Despite Iran's nearly all-fossil-fuel energy infrastructure, the Middle East Institute (MEI) said on its website that the nation has shown "great interest in renewable energy (RE) sources to improve energy security, reduce internal dependence on hydrocarbons and meet its projected growth in electricity demand."
The Energy Information Administration said natural gas makes up 60 percent of Iran's energy consumption, followed by petroleum, at 38 percent, based on 2013 data. In pursuing renewable energy, the MEI said Iran will benefit economically through increased oil and natural gas exports as domestic consumption falls.
The MEI states said the country plans to install approximately 500 megawatts of electricity capacity in the form of photovoltaic solar panels. The MEI said the nation's wind-power development is currently more aggressive than solar development, which is on a longer-term development track. The country also plans to continue developing its nuclear and geothermal generation capacity. The former is expected to be enhanced through the construction of two 1,000 megawatt nuclear reactors at the Bushehr plant.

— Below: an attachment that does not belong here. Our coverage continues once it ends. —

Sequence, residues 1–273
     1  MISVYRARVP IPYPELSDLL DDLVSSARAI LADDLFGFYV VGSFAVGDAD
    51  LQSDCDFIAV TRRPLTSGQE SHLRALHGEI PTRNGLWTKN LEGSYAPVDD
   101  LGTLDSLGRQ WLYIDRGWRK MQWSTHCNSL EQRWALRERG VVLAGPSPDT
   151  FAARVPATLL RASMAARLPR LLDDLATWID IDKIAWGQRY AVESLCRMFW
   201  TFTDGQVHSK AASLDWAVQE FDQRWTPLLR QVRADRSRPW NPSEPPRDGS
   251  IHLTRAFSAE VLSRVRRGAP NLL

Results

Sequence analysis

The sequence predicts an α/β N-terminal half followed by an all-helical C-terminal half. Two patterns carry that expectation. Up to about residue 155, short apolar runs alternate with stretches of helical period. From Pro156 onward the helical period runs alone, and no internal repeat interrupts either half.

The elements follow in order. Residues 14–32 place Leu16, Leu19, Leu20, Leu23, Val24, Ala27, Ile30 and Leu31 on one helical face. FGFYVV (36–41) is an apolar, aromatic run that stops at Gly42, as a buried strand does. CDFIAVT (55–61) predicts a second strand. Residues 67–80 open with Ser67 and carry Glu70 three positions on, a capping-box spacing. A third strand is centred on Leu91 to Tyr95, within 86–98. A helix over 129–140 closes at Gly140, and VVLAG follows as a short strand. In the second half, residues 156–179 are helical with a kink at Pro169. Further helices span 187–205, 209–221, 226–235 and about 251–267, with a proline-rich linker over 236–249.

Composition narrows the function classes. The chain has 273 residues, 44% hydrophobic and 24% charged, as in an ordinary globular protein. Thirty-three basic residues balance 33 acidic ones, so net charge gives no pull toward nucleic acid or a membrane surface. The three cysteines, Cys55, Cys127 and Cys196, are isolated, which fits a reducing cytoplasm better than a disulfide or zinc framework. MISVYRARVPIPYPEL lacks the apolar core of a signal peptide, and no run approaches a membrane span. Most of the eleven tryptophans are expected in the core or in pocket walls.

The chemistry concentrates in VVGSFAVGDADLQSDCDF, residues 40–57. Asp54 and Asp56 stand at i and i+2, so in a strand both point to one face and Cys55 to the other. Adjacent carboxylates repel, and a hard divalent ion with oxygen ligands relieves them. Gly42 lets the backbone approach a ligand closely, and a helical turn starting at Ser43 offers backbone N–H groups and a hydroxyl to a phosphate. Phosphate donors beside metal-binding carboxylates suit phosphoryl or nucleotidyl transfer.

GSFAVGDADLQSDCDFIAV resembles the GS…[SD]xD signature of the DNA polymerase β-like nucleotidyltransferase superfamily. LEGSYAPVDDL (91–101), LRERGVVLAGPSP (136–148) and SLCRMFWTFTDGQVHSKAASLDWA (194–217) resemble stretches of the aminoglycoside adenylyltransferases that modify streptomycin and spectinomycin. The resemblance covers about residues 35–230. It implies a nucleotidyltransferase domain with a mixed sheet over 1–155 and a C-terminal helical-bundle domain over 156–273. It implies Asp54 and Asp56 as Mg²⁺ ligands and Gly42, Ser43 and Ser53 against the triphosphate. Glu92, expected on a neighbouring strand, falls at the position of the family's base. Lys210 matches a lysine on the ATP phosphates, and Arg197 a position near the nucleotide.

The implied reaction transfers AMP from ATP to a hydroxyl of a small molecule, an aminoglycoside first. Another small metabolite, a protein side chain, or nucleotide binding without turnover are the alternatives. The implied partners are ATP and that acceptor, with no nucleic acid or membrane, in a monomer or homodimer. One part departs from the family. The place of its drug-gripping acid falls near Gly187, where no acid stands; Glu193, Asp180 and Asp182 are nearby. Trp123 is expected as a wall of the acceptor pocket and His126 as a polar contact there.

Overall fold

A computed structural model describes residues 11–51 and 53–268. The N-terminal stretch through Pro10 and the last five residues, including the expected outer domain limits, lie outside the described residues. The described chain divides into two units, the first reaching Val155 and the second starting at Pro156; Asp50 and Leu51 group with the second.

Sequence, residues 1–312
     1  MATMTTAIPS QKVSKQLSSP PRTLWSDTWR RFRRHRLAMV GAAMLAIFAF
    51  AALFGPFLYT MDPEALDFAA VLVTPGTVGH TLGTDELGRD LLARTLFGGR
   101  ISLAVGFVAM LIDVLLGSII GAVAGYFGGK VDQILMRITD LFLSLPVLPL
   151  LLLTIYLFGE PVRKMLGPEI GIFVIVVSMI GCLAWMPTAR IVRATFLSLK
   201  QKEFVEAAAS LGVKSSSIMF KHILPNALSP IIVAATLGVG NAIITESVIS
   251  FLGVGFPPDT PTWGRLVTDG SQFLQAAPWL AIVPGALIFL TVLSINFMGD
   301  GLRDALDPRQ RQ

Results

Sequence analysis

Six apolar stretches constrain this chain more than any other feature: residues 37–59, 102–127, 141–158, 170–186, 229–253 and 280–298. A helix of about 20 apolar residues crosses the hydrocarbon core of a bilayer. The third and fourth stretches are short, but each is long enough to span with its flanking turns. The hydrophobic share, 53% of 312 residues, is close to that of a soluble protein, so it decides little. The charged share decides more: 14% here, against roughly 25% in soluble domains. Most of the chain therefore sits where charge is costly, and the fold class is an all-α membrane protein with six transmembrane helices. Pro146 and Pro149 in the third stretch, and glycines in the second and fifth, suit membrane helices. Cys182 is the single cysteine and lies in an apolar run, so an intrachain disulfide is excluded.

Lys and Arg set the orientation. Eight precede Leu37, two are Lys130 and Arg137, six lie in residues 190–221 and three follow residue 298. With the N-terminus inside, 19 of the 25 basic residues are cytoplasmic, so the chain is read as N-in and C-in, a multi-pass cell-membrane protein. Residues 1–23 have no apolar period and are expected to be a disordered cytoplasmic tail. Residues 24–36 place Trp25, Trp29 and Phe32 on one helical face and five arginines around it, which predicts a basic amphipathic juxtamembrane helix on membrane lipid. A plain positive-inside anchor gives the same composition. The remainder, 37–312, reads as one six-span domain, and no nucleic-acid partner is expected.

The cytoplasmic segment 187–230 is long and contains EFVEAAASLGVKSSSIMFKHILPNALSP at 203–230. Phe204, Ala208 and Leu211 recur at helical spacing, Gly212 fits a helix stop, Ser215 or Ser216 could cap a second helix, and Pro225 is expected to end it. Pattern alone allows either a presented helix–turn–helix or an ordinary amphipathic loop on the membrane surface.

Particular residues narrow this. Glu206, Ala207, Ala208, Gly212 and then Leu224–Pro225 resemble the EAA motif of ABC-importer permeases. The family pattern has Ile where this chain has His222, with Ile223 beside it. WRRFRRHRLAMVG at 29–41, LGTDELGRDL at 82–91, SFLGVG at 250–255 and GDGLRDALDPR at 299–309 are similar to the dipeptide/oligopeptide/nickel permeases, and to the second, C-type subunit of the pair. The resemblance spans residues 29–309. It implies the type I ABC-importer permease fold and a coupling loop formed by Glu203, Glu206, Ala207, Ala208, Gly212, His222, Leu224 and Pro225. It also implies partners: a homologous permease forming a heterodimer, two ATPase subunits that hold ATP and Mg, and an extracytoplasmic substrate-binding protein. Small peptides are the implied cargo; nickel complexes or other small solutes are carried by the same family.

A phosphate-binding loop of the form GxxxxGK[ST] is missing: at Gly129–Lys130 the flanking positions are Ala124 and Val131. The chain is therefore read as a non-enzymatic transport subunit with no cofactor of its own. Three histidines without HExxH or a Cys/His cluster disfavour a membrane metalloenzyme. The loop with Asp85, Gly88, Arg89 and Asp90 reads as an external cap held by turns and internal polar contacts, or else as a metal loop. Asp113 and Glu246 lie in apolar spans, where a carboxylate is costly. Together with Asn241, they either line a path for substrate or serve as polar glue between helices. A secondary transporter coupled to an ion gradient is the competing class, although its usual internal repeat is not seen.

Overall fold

The MEI said Iran already has attracted investments in renewable energy, though it warns that political and economic stability will be required to continue to attract investors.